Editors' Note: This article is part of a Public Square conversation on Alleviating Poverty. Read other perspectives here.
While charity and advocacy are widely discussed, there is a growing sense that deep solidarity may be the more appropriate response of faith communities to poverty.
Poverty is real and growing. In many places in the United States between 20 and 30 percent of the children experience "food insecurity," which means that they do not have enough to eat. Unemployment and underemployment are rampant, and even many working people are no longer able to make ends meet. The average wage of workers at Wal-Mart -- the world's largest private employer -- falls significantly below the poverty level. As the Wal-Mart model of employment is copied elsewhere, even mid-level jobs are losing full-time status and benefits.
In this climate, religious charity provides some much-needed assistance. Soup kitchens, food pantries, and clothes closets face a higher demand than ever before, and many religious communities support these efforts. Unfortunately, this kind of charity fails to address the underlying problems. Worse yet, by not addressing the root causes, the problems are covered up and in some cases intensified. Typical efforts to provide charity might be compared to a doctor who tries to cure the symptoms of a disease without addressing its cause. For good reasons, key figures of faith from Moses to Jesus did not limit their ministry to charity.
Advocacy for the poor gets closer to the underlying causes of poverty and is solidly rooted in many religious traditions. The prophets of the Hebrew Bible speak out on behalf of the poor and condemn those who "trample on the poor and take from them levies of grain" (Amos 5:11). Mary, the mother of Jesus, proclaims that the God who lifts up the lowly pushes the powerful from their thrones, and fills the hungry with good things while sending the rich away empty (Luke 1:52-53). Standing in this tradition, John Wesley, the founder of Methodism in the eighteenth century, proclaimed that the majority of people were poor not due to their own fault but because they were pushed from their lands by wealthy landowners and then exploited in the factories of early capitalism. While Christians in the United States frequently blame the poor for their misery, many biblical and theological traditions take a different approach.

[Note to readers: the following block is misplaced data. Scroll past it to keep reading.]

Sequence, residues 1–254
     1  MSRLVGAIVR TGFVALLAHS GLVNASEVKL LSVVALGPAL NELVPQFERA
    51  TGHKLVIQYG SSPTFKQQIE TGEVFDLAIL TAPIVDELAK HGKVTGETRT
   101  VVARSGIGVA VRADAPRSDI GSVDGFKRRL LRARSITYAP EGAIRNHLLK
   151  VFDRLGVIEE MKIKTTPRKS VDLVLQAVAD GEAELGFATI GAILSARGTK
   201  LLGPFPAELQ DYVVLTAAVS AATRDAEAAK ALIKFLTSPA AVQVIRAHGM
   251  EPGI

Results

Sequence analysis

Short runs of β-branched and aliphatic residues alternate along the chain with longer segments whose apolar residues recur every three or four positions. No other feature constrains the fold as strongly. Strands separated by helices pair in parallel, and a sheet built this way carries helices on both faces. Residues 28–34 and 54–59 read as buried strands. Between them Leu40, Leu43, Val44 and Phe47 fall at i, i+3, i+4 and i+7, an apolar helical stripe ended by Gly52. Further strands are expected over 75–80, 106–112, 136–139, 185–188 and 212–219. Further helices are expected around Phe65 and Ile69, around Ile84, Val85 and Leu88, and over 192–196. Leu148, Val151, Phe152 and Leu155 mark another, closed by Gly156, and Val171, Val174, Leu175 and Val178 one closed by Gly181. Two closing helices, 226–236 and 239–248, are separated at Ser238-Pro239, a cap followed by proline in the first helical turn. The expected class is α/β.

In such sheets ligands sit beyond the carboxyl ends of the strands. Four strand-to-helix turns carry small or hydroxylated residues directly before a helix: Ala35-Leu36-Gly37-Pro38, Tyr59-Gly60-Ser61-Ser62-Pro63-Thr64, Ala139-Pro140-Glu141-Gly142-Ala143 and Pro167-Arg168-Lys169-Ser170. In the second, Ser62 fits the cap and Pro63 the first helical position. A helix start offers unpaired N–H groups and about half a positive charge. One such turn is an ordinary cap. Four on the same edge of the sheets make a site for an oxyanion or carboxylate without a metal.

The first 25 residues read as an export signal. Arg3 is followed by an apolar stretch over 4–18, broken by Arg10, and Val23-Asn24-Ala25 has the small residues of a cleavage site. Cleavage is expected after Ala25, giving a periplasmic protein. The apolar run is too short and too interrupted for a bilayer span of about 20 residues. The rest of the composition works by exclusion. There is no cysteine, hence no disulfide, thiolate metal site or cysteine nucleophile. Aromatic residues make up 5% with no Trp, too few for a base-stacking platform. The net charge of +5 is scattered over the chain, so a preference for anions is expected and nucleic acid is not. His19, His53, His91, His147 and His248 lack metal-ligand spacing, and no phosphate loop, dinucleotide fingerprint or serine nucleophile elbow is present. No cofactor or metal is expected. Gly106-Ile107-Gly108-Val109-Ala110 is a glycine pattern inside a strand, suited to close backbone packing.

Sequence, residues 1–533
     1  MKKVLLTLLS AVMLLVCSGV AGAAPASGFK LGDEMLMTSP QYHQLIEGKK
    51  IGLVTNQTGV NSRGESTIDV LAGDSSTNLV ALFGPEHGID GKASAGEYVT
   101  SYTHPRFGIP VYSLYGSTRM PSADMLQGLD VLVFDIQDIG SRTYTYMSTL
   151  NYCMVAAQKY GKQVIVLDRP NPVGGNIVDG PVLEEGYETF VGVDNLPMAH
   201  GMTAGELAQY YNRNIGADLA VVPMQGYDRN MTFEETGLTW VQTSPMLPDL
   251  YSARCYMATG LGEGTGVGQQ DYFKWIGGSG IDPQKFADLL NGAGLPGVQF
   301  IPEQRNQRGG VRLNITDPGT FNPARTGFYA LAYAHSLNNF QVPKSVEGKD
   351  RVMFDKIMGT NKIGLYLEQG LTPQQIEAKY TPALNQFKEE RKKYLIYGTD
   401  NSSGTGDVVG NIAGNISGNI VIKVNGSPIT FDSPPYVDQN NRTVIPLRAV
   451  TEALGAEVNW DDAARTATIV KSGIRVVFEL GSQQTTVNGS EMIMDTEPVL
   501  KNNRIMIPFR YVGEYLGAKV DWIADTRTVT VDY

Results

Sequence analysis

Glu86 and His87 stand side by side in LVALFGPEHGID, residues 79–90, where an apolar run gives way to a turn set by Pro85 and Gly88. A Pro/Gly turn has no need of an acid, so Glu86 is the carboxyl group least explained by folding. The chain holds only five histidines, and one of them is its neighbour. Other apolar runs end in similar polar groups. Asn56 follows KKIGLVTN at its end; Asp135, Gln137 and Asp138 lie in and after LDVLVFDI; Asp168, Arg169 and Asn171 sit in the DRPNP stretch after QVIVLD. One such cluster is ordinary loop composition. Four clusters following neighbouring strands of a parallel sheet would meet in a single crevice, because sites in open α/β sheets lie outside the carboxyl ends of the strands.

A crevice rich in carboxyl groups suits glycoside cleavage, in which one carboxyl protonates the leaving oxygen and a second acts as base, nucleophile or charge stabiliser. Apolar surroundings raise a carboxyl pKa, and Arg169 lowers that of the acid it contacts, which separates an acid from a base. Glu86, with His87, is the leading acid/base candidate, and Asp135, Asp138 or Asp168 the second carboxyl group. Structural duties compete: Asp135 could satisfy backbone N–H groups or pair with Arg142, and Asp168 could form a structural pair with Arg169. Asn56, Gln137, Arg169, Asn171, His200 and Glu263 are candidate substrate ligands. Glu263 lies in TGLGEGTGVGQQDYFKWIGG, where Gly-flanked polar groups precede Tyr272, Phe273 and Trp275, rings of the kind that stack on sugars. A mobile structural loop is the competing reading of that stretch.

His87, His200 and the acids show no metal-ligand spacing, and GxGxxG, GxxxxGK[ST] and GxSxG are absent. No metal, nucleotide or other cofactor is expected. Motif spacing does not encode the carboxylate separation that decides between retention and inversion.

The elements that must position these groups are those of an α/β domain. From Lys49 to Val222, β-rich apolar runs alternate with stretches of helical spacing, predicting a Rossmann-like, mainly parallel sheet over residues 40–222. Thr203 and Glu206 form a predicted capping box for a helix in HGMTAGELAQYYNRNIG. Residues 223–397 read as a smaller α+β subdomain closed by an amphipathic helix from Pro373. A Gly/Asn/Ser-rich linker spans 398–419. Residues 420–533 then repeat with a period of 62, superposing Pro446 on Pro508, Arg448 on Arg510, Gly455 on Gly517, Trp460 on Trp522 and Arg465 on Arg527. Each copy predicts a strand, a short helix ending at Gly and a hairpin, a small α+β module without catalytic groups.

Jesus, taking a cue from the prophets, preached good news to the poor, not charity (Matt. 11:5; Luke 4:18). Do today's faith communities understand that good news to the poor might imply addressing and ending the conditions that create poverty? Preaching good news to the poor leads to questions like, Who can be said to "trample on the poor" and on working people today? Who "takes from them levies of grain," including fair wages and benefits? Raising such questions was never easy, and there are consequences. Decades ago, the Brazilian Bishop Dom Hélder Câmara put it this way: "When I give food to the poor, they call me a saint. When I ask why they are poor, they call me a communist. " According to Luke, Jesus' first proclamation of good news to the poor ended with an attempt by the faith community to throw him off a cliff (Luke 4:16-30).
Why are people poor in the world of global capitalism? It is far from the case that there is not enough to go around. And although it is widely known that the poor are getting poorer while the rich are getting richer, few are aware of the magnitude of this shift. Inequality is greater than ever. In the Roman Empire at the time of Jesus, the top one percent of the population controlled 16 percent of all wealth, while in the United States today the top one percent control 40 percent. While most of their workers earn poverty wages, the Waltons of Wal-Mart are among the richest families in the world. Just six Walton family members control as much wealth as over 40 percent of all Americans.
Since poverty and wealth are not only matters of money but also of power, it is time to move from charity and advocacy to what I am calling "deep solidarity" (see Occupy Religion: Theology of the Multitude and Theology, Religion, and Class). Deep solidarity leads beyond advocacy in two ways. As those of us who do not belong to the one percent are increasingly pushed to the sidelines, even people in the middle are beginning to understand that we are more likely to be in the same boat with the poor and with working people. Solidarity is no longer a matter of the privileged helping the underprivileged; it is a matter of understanding what we have in common and how we all need to work together to organize and to embrace a different power.
Deep solidarity brings into focus God's power, which is different from the power of the one percent. Deep solidarity reminds us that Godself is found among the poor, among the Hebrew slaves of the Exodus, and among the widows, the orphans, and strangers of the Hebrew Bible. God is transforming the world in and through them. Just as God was and is in Jesus Christ, who was raised in a family of construction workers and lived in deep solidarity with the "least of these." The 99 percent are invited to join in this deep solidarity with God and others. Indeed, even those who are situated within the exalted one percent are called to "follow me" (see Matt. 19:21, Jesus addressing the rich young ruler).